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With Artists In Residence, Boston Is Changing How The City Values Art04:16Download

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Artist Lina Maria Giraldo demonstrates how to use one of the video cameras created during her program at the Hyde Park Community Center. (Jesse Costa/WBUR)MoreCloseclosemore
Artist Lina Maria Giraldo demonstrates how to use one of the video cameras created during her program at the Hyde Park Community Center. (Jesse Costa/WBUR)

For the past year, 10 Boston-based artists have been working with Centers for Youth and Families across the city. The program they're a part of, Boston Artists-in-Residence (AIR), is changing the way the city measures the benefit of art by embedding artists in various communities.

Karin Goodfellow, the executive director of Boston AIR, is still exploring the language to talk about the experimental program coming to the end of its second year.

"It's hard to pin it down and say this is exactly what it is," she says. "I think we can say that we're embedding artists into city of Boston agencies and integrating art and creative thinking into our practices and policies as a city."

"I think we can say that we're embedding artists into city of Boston agencies and integrating art and creative thinking into our practices and policies as a city."

Karin Goodfellow

The residency program got off the ground in 2015 as the city began developing its cultural plan, dubbed Boston Creates. (The 10-year cultural plan was released in the summer of 2016 with this program as a key tactic to integrate creativity into city offices and planning.)

The city paid each of the 10 artists $27,500, plus $12,000 for materials, for the 11-month residency. It was originally a nine month program, but was extended by the City Council — with additional pay — because of high participation rates.

The program gave the artists the freedom to develop their own curriculum and activities at the community centers, because as Goodfellow says, Boston AIR exists not to be measured but to be experienced.

"Part of this is also a certain element of trust and belief that there is something worthwhile in art and art making," she says, "even when it is hard to quantify, even though we can't always have proof of an economic impact."

Video cameras made from basic materials by students at the Hyde Park Community Center as part of Boston AIR. (Jesse Costa/WBUR)
Video cameras made from basic materials by students at the Hyde Park Community Center as part of Boston AIR. (Jesse Costa/WBUR)

Artist Lina Maria Giraldo used her residency to teach children and adults in Hyde Park how to build cameras from unconventional materials. The cameras look like cardboard contraptions, fastened by Velcro clasps. Inside the cardboard is a lens, microphone and lots of wires that the class learned how to code.

"We want to create the sense of being a maker instead of being a consumer," Giraldo says.

Giraldo made her coding workshops intergenerational which means longtime Hyde Park resident Jean Borgard learned how to code, sitting next to preteen girls young enough to be his granddaughters.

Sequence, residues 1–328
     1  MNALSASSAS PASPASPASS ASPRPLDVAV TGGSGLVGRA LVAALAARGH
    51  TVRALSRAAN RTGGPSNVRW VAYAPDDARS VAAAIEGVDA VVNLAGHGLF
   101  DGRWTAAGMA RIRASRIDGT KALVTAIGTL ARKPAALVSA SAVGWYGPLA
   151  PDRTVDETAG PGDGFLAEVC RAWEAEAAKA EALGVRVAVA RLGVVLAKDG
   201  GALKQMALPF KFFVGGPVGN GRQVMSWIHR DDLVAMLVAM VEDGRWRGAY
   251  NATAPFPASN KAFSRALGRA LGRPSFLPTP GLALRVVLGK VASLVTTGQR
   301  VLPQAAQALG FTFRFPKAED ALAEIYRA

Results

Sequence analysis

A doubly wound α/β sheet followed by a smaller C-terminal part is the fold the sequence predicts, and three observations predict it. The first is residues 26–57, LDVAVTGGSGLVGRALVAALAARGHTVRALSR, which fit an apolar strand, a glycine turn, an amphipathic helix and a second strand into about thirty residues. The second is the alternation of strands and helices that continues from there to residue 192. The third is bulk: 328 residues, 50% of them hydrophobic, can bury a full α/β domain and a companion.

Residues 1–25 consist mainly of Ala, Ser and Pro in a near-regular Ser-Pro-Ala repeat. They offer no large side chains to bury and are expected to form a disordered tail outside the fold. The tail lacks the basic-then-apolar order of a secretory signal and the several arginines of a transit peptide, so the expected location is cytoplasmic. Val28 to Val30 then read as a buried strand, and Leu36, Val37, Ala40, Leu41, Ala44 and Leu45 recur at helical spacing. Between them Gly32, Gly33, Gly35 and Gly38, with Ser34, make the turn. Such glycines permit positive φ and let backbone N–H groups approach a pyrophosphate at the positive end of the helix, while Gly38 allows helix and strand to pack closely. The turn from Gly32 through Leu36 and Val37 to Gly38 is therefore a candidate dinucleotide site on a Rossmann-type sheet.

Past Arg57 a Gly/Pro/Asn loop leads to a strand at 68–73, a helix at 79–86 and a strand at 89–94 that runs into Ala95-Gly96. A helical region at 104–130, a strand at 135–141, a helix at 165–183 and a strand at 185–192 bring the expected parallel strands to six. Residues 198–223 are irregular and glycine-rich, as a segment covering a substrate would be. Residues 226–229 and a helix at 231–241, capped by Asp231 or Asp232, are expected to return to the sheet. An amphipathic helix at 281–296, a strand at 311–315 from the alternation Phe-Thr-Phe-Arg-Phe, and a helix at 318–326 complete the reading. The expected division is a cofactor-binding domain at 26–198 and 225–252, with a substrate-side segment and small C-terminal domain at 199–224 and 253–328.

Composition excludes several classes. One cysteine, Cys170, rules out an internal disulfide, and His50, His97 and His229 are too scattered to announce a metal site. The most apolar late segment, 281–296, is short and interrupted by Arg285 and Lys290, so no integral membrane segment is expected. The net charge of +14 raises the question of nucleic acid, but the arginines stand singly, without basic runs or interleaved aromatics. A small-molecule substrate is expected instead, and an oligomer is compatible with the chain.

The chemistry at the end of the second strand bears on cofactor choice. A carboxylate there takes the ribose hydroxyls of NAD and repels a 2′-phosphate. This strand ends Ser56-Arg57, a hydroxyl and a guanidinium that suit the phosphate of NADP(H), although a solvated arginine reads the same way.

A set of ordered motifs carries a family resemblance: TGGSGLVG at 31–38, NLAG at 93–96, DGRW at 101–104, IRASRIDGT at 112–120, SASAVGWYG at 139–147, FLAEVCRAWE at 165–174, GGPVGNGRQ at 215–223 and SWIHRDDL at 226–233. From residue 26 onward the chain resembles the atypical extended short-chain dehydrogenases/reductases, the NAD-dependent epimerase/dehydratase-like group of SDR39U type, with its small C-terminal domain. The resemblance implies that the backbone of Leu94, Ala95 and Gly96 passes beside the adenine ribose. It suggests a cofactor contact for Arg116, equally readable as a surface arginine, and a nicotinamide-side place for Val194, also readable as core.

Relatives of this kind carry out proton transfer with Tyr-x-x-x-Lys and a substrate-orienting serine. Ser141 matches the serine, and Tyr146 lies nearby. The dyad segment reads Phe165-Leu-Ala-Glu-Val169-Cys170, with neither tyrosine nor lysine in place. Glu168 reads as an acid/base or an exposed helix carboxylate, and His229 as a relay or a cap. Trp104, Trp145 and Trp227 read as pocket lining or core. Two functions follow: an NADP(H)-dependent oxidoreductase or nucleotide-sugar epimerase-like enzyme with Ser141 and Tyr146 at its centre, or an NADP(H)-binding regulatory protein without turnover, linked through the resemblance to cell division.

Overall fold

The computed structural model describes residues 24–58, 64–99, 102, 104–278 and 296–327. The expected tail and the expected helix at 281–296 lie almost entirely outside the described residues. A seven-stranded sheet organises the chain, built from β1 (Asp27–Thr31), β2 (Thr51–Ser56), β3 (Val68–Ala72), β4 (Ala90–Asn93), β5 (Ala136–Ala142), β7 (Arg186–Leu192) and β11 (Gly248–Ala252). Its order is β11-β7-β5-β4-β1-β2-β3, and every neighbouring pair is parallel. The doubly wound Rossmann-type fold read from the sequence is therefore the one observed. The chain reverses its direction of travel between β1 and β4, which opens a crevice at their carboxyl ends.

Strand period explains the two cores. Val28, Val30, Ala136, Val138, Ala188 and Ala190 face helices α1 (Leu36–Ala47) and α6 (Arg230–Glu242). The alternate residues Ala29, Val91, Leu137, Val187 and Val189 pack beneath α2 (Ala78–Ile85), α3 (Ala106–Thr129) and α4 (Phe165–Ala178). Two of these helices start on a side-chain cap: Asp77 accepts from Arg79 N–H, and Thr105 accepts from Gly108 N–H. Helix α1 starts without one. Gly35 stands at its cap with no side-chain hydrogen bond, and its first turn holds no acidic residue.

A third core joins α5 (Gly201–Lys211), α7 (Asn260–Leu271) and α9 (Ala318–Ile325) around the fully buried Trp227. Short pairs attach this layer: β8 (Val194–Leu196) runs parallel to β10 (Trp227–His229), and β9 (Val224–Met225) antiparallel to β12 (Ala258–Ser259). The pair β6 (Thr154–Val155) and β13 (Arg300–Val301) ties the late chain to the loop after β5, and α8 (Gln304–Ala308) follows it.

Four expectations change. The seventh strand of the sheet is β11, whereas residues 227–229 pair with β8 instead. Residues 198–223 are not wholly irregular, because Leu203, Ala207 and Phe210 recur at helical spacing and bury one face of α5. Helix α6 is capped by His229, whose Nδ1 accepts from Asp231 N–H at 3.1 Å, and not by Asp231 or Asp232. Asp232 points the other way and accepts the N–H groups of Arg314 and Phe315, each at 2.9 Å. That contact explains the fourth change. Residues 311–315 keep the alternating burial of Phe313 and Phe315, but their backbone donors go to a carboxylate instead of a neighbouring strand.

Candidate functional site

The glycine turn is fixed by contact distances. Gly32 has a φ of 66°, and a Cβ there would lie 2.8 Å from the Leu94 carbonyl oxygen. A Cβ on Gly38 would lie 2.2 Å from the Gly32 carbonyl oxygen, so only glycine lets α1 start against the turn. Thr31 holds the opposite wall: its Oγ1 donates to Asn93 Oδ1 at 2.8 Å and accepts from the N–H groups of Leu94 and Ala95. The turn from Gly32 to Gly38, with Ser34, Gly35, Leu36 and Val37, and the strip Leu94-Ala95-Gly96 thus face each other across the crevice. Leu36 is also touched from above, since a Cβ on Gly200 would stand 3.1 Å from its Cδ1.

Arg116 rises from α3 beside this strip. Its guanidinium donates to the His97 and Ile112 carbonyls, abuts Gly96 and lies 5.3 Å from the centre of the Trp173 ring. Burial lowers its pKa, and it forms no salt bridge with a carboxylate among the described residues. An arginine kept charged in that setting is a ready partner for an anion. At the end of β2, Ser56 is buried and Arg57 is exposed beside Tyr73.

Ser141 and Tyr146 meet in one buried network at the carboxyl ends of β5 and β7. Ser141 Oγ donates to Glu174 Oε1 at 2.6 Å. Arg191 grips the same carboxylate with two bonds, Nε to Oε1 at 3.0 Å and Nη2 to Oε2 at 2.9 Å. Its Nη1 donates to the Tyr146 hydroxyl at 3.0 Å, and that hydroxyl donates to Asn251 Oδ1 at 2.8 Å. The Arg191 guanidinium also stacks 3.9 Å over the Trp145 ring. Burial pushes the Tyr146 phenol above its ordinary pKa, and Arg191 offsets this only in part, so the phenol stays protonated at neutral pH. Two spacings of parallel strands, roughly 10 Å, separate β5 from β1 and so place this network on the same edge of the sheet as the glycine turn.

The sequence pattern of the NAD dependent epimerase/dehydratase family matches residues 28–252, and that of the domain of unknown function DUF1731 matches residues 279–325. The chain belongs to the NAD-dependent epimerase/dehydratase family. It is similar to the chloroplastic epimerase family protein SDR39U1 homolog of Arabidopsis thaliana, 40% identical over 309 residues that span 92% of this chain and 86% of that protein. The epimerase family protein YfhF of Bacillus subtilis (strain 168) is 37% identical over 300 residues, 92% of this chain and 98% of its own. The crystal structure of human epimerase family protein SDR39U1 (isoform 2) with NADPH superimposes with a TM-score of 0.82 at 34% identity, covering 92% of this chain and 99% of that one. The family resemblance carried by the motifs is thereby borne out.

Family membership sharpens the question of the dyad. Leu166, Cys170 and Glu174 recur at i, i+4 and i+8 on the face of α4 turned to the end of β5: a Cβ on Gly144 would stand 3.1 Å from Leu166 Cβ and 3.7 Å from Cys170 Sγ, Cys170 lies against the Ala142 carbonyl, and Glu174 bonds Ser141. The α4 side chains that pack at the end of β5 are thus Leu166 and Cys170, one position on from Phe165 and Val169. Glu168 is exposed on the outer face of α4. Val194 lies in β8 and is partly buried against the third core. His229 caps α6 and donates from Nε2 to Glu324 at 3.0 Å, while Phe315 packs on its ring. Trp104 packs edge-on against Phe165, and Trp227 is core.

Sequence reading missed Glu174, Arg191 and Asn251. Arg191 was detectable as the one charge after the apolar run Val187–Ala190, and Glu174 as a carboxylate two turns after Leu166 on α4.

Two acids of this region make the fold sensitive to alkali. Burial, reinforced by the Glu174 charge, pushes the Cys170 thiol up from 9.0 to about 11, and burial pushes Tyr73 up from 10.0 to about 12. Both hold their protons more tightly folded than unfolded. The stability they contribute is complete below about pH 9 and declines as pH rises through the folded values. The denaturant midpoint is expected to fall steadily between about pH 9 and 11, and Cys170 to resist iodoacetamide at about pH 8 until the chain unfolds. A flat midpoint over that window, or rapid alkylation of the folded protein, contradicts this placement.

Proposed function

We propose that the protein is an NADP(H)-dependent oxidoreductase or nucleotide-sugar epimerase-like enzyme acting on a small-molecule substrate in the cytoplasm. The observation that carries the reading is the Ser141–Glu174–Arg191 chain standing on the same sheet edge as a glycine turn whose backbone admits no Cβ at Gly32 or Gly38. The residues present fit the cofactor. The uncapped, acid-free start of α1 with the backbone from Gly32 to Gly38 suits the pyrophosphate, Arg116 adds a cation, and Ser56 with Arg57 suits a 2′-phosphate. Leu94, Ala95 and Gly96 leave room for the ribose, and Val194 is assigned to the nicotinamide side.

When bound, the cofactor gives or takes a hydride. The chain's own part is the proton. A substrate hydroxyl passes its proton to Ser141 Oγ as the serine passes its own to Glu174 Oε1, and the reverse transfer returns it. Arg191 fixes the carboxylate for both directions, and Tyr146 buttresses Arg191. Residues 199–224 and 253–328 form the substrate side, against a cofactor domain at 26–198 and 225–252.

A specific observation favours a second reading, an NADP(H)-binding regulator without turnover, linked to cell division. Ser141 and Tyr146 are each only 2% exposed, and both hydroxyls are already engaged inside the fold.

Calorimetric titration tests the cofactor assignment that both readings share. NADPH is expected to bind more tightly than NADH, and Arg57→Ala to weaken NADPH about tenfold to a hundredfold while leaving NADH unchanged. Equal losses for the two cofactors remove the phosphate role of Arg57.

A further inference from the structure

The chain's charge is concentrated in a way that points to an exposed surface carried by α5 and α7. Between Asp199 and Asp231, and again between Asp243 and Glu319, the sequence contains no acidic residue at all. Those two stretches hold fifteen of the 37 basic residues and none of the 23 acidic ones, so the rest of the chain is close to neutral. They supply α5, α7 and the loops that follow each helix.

He says the workshop showed him "there are a lot of things in life that can be done with what others call trash."

Hyde Park resident Jean Borgard displays the camera he built. (Jesse Costa/WBUR)
Hyde Park resident Jean Borgard displays the camera he built. (Jesse Costa/WBUR)

The students, many of them immigrants or children of immigrants, interviewed people in the neighborhood with their new cameras, exploring issues of identity. "When you move to a new place, and you're first or second generation, ownership is something difficult to understand and it's hard to feel at home," says Giraldo, who moved to Boston from Colombia as a young adult.

Across the city at the Blackstone Community Center, artist Rashin Fahandej and her class of teens and adults are walking through the South End, "reseeing or seeing again what the space around us is and what it means," explains Fahandej.

Fahandej wants people to pay closer attention to public structures, from benches to doorways, and what the spaces invite our bodies to do, or adversely, restrict them from doing. A graduate student attending the workshop, Hama Pertad, leads the group to a tree enclosed in wrought iron bars that prevent people from sitting in its shade.

Hama Pertab, a graduate student at MassArt, sits in the tree enclosure before doing her sketch. (Jesse Costa/WBUR)
Hama Pertab, a graduate student at MassArt, sits in the tree enclosure before doing her sketch. (Jesse Costa/WBUR)

"It's a public space. It's meant for everyone supposedly, but I feel that excludes people who need space to rest or to linger or the homeless, the sick," Pertad says as she jumps the wrought iron bars and sits on the tree's enclosed soil.

It's not lost on Fahandej that the workshop asks critical questions of public space in a city-sponsored program. "I think it's important that the city is recognizing the voice of art, or the space of art, that is a space that we could think together about social issues," she says.

Claire Morris, Mikael Cesar and Heather Trites do basic sketches of the tree and border in front of the Cyclorama. (Jesse Costa/WBUR)
Claire Morris, Mikael Cesar and Heather Trites do basic sketches of the tree and border in front of the Cyclorama. (Jesse Costa/WBUR)

The city will begin taking applications for the next round of artists this fall, though the program may change a bit next year, based on feedback from this year's participants. The impact, for now, is most evident in the people meeting and interacting with artists, often for the first time in their lives.

This segment aired on July 26, 2017.

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Maria Garcia is a reporter for WBUR's The ARTery, covering art and culture.

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